Once your Estate Plan is in place, a certain amount of maintenance is required in order to ensure that it still functions to achieve your wishes. To this end, regular reviews are necessary. An annual review is a good idea, but at the very least, your plan should be reviewed every three to five years or upon occurrence of a life event.
Examples of life events warranting an Estate Plan review include the birth or adoption of a new child, marriage or divorce, change in capacity of a family member, inheritance, change in financial goals, or change in financial status, to name but a few. When any life event occurs, your Trust, any guardianship plans, and all health care documents should be carefully considered. You want your Estate Plan to minimize both the financial and emotional costs of settling your estate upon your death; regular reviews can ensure that the administration of your estate goes as smoothly as possible.
Reviewing your Estate Plan at regular intervals, as well as upon occurrence of major life events, will help ensure that your legacy, both financial and otherwise, is passed on in accordance with your wishes and that your beneficiaries receive their distributions with no complications.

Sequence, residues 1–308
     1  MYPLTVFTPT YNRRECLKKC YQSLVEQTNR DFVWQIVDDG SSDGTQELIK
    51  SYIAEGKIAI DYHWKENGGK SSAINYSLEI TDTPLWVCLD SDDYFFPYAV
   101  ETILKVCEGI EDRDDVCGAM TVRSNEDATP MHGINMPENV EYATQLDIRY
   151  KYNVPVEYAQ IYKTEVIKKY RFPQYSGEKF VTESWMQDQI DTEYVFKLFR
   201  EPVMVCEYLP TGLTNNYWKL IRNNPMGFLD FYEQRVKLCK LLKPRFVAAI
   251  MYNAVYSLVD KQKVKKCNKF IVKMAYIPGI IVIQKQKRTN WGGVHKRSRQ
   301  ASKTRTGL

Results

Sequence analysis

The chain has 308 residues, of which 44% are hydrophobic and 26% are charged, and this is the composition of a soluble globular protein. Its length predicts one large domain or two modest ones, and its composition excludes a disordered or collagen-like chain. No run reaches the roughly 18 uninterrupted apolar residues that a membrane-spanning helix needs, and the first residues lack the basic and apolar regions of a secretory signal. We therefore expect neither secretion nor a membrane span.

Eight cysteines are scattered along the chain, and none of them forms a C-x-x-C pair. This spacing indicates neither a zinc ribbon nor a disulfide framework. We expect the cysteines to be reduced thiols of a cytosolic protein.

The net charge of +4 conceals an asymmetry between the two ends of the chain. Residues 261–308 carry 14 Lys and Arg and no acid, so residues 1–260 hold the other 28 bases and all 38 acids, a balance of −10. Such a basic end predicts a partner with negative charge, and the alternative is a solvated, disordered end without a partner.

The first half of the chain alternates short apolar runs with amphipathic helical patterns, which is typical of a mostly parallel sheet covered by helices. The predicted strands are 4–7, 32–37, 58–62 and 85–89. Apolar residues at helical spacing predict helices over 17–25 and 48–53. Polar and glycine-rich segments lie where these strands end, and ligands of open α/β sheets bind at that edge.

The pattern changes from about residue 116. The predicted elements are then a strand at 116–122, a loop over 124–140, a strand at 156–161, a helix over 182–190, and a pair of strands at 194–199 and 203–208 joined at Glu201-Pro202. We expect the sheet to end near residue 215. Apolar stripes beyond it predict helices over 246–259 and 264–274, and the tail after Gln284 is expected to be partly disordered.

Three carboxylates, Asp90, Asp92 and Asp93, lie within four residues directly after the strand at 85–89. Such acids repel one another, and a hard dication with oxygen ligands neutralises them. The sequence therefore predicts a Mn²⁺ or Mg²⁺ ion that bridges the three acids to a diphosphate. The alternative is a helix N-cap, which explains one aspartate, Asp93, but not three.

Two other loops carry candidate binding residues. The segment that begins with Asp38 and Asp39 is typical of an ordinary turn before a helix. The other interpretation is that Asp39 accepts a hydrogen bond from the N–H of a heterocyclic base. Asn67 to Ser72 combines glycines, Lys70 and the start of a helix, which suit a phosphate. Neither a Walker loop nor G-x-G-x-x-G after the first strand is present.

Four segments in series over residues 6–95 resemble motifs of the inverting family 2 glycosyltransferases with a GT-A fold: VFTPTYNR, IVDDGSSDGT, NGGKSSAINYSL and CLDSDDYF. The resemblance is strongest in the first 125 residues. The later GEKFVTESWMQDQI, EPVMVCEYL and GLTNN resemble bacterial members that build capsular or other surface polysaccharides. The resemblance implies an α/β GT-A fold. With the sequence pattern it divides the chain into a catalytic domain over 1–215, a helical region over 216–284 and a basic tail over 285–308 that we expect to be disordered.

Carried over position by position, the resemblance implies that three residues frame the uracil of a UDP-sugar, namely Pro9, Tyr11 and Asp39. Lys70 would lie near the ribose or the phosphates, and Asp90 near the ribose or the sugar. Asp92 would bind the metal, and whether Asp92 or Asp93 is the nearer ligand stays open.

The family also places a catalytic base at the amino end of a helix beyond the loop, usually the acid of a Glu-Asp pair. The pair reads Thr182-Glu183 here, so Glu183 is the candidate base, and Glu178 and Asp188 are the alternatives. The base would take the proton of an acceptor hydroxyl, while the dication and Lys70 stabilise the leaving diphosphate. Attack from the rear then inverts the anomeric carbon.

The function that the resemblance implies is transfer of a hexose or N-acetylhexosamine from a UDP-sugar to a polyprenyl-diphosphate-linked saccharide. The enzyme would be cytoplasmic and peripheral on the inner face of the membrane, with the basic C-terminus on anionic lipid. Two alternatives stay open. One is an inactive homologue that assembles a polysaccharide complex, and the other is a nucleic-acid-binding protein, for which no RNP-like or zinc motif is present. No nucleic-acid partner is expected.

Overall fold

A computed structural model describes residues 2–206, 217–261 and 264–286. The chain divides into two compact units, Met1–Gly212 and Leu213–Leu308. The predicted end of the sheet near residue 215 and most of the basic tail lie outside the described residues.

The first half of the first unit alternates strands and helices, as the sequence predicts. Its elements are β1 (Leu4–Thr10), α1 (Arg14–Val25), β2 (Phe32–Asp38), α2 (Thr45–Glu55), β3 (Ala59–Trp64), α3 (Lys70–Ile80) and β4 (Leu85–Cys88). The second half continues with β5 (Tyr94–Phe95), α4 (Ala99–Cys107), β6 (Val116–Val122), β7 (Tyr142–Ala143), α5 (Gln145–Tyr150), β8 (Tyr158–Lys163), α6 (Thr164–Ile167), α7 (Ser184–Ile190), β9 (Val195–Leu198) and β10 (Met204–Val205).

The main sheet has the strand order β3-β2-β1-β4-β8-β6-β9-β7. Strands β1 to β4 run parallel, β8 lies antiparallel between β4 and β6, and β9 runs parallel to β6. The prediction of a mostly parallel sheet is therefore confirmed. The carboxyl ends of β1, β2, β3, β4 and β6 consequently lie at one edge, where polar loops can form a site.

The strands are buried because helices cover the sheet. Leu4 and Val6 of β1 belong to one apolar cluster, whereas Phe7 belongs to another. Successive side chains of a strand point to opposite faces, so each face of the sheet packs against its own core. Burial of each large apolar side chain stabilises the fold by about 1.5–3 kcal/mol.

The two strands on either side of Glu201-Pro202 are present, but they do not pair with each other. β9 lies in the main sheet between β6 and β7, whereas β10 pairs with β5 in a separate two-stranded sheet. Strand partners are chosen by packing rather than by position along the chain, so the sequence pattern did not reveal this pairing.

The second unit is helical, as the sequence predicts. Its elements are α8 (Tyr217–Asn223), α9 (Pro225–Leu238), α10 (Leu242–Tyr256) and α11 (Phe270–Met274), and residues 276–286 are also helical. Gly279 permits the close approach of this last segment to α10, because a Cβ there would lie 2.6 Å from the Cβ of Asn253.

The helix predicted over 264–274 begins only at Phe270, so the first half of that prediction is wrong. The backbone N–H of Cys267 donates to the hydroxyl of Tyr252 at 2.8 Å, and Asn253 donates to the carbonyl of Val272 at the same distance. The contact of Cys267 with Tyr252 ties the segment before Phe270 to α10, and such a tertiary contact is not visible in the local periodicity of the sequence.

Contributed by MH Phoenix Estate Planning Attorney Andrea Claus.
About Morris Hall:
At Morris Hall, we have focused our legal practice on estate planning for over 40 years. Along with estate planning, our attorneys help clients and their families with matters of probate, trust administration, wills, power of attorneys, business planning, succession planning, legacy planning, charitable gifting and other important legal aspects. We also have divisions in financial, real estate and accounting to help you incorporate all of your planning together, ensuring that everything works perfectly for your needs and situation. Our Arizona offices are located in Phoenix, Mesa, Scottsdale, Cave Creek, Tucson, Prescott, Flagstaff and Arrowhead. Contact us today at 888.222.1328 to schedule an appointment!
This blog should be used for informational purposes only. It does not create an attorney-client relationship with any reader and should not be construed as legal advice. If you need legal advice, please contact an attorney in your community who can assess the specifics of your situation.
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